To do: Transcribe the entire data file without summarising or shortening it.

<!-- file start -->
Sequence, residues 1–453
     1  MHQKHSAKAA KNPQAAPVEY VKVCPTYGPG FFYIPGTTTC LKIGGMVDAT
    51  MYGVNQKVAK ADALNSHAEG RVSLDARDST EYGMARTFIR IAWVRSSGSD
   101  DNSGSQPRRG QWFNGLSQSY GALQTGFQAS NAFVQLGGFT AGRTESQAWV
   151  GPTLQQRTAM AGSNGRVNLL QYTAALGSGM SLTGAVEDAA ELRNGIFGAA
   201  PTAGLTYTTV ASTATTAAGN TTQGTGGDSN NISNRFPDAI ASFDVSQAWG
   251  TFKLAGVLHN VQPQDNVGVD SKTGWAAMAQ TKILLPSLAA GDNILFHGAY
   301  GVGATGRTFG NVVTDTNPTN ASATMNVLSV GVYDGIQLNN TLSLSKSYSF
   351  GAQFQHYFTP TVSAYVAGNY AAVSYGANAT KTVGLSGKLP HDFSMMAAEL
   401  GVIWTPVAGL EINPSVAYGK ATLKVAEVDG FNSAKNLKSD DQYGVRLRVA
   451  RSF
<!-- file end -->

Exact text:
Sequence, residues 1–453
     1  MHQKHSAKAA KNPQAAPVEY VKVCPTYGPG FFYIPGTTTC LKIGGMVDAT
    51  MYGVNQKVAK ADALNSHAEG RVSLDARDST EYGMARTFIR IAWVRSSGSD
   101  DNSGSQPRRG QWFNGLSQSY GALQTGFQAS NAFVQLGGFT AGRTESQAWV
   151  GPTLQQRTAM AGSNGRVNLL QYTAALGSGM SLTGAVEDAA ELRNGIFGAA
   201  PTAGLTYTTV ASTATTAAGN TTQGTGGDSN NISNRFPDAI ASFDVSQAWG
   251  TFKLAGVLHN VQPQDNVGVD SKTGWAAMAQ TKILLPSLAA GDNILFHGAY
   301  GVGATGRTFG NVVTDTNPTN ASATMNVLSV GVYDGIQLNN TLSLSKSYSF
   351  GAQFQHYFTP TVSAYVAGNY AAVSYGANAT KTVGLSGKLP HDFSMMAAEL
   401  GVIWTPVAGL EINPSVAYGK ATLKVAEVDG FNSAKNLKSD DQYGVRLRVA
   451  RSF